GE Aviation delivered the first F414-GE-400K engine in May to Korea Aerospace Industries Ltd (KAI) for South Korea’s next-generation indigenous fighter, known as the KF-X.
The engine manufacturer announced Friday that it delivered the first F414-GE-400K engine to Korea Aerospace Industries in May. KAI is developing the KF-X for the South Korean Air Force, which intends to replace its fleet of McDonnell Douglas F-4 Phantom II and Northrop F-5E/F Tiger II fighters with the new jet.
“GE is thrilled to reach this important milestone in the KF-X program,” said Al DiLibero, general manager of GE’s Medium Combat and Trainer Engines department. “Our success so far on this program reflects the strong relationship between the [Republic of Korea Air Force] ROKAF, our South Korean industry partners and GE Aviation, and the long and successful history of our engines powering ROKAF aircraft.”
South Korea’s Korea Aerospace Industries Ltd (KAI) selected GE Aviation in May 2016 to supply F414-GE-400K engines for the KF-X fighter.
The multi-role KF-X aircraft, a $7.4 billion project, is being designed and built by KAI. The KF-X aircraft will replace Korea’s F-4D/E Phantom II and F-5E/F Tiger II fleet.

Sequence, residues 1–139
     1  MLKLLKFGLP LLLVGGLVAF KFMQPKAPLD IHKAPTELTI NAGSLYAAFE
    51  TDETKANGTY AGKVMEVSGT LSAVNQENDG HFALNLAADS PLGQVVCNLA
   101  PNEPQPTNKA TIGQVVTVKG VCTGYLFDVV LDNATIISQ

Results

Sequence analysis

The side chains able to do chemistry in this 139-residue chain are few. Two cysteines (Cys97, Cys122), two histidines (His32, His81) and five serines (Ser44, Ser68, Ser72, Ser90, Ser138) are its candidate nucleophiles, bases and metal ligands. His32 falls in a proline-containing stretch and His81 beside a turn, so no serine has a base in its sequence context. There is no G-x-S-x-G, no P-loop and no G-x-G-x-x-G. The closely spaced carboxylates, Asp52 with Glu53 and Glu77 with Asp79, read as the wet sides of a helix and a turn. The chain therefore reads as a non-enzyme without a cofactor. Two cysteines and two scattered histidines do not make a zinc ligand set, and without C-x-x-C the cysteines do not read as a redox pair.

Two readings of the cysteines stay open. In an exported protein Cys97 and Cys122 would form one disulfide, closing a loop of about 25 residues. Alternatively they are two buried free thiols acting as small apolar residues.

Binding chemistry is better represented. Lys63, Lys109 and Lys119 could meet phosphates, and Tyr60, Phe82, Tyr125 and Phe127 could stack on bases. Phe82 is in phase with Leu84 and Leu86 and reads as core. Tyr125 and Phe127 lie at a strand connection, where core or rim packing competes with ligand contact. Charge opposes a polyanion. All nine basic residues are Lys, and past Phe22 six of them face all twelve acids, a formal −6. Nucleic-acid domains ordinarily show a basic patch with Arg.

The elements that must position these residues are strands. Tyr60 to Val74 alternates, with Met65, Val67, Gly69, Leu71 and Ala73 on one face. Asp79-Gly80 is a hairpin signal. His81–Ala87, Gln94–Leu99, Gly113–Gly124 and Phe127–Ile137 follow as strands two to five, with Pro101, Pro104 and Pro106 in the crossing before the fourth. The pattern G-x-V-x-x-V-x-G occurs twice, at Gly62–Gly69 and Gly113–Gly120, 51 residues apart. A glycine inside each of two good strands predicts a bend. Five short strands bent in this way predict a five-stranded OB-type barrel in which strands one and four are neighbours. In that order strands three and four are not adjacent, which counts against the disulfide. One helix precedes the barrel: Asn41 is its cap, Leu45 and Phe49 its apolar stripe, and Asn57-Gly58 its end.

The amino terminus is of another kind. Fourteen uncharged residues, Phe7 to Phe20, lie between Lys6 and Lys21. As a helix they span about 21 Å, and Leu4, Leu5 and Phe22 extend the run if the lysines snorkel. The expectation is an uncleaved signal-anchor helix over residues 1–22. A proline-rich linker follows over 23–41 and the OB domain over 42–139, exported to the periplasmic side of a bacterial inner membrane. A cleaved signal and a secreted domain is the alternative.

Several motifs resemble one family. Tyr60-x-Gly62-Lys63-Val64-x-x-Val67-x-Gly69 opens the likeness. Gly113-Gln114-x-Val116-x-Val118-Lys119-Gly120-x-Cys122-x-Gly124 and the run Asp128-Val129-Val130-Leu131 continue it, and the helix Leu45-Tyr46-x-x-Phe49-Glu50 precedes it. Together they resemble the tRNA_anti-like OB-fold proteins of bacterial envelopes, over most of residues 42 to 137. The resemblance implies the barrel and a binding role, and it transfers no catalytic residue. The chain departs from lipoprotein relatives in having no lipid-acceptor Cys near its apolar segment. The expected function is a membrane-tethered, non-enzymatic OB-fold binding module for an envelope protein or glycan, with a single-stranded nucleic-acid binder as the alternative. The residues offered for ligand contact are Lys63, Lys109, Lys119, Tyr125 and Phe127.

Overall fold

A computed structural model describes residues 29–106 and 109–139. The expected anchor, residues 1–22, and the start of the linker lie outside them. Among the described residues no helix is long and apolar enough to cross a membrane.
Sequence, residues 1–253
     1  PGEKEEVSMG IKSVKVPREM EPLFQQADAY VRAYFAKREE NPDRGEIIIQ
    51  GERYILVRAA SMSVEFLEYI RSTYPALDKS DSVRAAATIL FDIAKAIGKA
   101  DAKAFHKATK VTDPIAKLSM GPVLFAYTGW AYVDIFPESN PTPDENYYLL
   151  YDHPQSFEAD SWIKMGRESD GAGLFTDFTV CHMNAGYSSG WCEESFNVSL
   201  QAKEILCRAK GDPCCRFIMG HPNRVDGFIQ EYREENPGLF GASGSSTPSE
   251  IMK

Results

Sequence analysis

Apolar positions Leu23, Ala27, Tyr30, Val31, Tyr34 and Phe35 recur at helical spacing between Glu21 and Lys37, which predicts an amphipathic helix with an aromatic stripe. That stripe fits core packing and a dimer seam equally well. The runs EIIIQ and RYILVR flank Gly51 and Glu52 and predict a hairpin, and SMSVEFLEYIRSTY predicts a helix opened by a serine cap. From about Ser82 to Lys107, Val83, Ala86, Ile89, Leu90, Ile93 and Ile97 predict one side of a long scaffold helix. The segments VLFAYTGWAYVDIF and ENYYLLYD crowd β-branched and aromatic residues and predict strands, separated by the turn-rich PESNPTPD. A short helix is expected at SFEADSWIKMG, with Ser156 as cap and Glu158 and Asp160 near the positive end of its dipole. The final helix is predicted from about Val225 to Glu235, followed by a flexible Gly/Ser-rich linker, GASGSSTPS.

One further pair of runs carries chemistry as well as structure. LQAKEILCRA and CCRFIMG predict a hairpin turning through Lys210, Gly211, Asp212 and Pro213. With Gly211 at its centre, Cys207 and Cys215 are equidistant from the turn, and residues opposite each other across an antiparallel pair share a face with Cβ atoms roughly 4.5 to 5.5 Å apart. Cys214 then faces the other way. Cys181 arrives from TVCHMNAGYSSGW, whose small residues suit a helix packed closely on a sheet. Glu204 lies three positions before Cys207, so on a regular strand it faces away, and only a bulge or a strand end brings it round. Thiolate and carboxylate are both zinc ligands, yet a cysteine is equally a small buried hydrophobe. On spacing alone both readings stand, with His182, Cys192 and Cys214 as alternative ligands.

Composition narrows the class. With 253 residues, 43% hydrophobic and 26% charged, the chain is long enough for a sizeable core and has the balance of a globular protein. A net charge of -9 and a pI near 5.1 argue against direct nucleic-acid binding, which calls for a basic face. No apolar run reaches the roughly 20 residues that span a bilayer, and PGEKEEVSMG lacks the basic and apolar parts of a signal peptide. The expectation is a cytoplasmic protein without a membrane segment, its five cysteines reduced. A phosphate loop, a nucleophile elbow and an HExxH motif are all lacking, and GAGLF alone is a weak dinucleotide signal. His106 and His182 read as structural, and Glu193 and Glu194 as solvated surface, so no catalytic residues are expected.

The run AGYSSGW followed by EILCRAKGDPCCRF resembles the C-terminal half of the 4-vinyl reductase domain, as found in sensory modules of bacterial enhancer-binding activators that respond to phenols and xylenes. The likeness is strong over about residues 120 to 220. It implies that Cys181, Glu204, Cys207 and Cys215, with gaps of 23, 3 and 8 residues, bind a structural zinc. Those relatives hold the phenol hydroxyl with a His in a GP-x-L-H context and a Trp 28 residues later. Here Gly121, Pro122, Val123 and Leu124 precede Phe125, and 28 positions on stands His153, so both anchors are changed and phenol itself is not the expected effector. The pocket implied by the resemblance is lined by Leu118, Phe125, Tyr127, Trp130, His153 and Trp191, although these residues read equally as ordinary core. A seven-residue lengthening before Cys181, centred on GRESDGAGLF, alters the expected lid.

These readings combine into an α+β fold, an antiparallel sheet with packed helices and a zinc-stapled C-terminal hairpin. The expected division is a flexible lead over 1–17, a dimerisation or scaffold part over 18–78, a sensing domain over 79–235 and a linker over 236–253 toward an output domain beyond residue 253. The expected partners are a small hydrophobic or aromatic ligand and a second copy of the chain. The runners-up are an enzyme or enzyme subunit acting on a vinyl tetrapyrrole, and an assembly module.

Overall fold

The development program is scheduled to be completed in 2026, which includes the production of 15 F414 flight test engines and six prototype fighters by 2021.
Flight testing will occur in 2023. 120 KF-X aircraft are scheduled for production serving the South Korean armed forces. GE Aviation will provide 240 F414 production engines plus spares.
GE has partnered with South Korea many times to power aircraft in their inventory. GE’s F404 engines currently power South Korea’s T-50 Golden Eagle, a high-performance supersonic trainer developed with KAI for the ROKAF. GE’s T700 turboshaft engines power the Korean utility helicopter Surion. Additionally, GE’s F110 engines power the ROKAF’s F-15K aircraft.
South Korea plans to primarily equip the KF-X with indigenous avionics. These will come mostly from LIG Nex1 and Hanwha, although Israel’s Elbit Systems will supply terrain following/avoidance systems for the active electronically scanned array radar under development by Hanwha. The Israeli company announced the $43 million contract in early February.
The KF-X is also to be compatible with European air-to-air missiles. South Korea signed a contract with European missile-maker MBDA in November 2019 to integrate the Meteor, while Diehl-BGT is also reportedly set to sign a similar contract for its IRIS-T.
It was also reported that the American Paveway laser-guided bomb, the satellite-guided Joint Direct Attack Munition and Textron’s CBU-105 Wind Corrected Munitions Dispenser will be integrated on the KF-X, whose development is being co-funded by Indonesia.
The Southeast Asian nation signed onto the program in 2010, agreeing to pay for 20 percent of the development costs in exchange for one prototype aircraft, design participation, technical data and production sharing.
Since then, however, Indonesia has missed a number of payments amid a budget crunch, with newspaper The Korea Herald reporting in late May that as of April, Indonesia owes $415 million in overdue payments to the program.